Here’s something interesting. Figure 1 is a new app that lets doctors share images and information online with other medical professionals.
Crowd-sourcing has become something of a popular thing recently, mostly among small start-ups and artists. But now the medical establishment is getting in on the action.
Rather than knowing every symptom of every ailment (or having to consult something as archaic as a book), now doctors can call upon the pooled knowledge of physicians all over the world to treat their patients through the magic of their phone.
Figure 1 is based around uploading (anonymous, consensual) photos of a patient’s symptom to a shared database, where they can be discussed and compared with other doctors. We all like to pretend that our doctor knows everything, but that’s obviously not the case.
It used to be that if you turned up with some weird malady they’d never seen before that they would have to go and ask the doctor in the room next door for advice, while you sat there panicking that the bump on your foot was probably some sort of cancerous AIDs.
Those days are past us now, as instead of running next door, now doctors who don’t know what they’re looking at can start playing with their phone while you wait. It won’t make them look any more reassuring but at least they will be a bit hipper.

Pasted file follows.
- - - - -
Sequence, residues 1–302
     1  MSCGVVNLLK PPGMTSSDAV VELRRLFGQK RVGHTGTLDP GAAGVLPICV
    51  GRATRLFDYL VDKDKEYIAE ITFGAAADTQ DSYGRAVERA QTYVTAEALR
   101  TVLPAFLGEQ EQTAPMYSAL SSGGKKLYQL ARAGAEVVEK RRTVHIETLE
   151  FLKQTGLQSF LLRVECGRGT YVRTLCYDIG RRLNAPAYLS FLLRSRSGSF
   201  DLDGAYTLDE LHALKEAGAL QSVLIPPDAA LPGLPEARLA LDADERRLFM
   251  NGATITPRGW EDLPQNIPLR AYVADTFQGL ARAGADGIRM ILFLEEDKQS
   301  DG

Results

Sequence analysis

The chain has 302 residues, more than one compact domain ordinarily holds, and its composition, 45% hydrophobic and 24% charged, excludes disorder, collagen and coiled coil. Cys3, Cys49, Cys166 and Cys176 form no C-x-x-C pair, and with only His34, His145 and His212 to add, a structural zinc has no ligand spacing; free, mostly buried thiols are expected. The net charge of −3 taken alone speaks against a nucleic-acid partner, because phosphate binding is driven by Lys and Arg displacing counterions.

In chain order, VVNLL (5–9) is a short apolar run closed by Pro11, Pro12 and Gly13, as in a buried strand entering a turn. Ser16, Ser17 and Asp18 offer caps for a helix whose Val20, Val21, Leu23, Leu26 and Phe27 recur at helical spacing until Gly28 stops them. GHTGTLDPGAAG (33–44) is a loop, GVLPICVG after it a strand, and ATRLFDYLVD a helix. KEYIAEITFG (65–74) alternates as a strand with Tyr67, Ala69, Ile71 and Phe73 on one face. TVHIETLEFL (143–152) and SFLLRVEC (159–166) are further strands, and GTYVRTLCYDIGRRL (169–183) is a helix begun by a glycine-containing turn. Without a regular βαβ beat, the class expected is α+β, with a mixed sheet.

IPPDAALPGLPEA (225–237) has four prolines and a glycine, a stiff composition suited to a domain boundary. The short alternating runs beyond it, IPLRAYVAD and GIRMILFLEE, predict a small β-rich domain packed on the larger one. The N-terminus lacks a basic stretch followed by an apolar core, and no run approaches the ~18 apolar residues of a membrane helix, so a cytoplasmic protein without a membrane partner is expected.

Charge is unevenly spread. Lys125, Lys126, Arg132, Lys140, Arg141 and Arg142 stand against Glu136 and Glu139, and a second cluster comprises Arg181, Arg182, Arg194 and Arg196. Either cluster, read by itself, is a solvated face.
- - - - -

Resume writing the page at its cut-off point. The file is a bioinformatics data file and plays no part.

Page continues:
No matter what horrible thing a patient presents with, inevitably someone else somewhere has treated the same thing, and this app is a forum to share that experience. Like any sharing community, the strength of Figure 1 will rely on how many people use it.
A few doctors sharing images and information is great, but lots of doctors doing it is even better. New Zealand physicians have it lucky in that we’re coming into this a bit late – Figure 1 is already set up and running in North America, the UK, Ireland and Australia, with (according to the makers) tens of thousands of healthcare professionals signed up and using it. That’s a lot of brainpower and experience to help you with whatever yucky rash a patient’s just brought in to show you.
Anyone can download the app for free, but to really get the most out of it you need to get ‘verified’ as a licensed physician. This, of course, makes this app a lot less appealing for the common lay person, but still. Gross pictures of weird illnesses? Even if they’re not actually using it for anything useful, this app will still have an audience just for that.
At the end of the day I really want this app to be a big success, if only because I want things like #Thrombosis to become trending tags. Get onto it, doctors.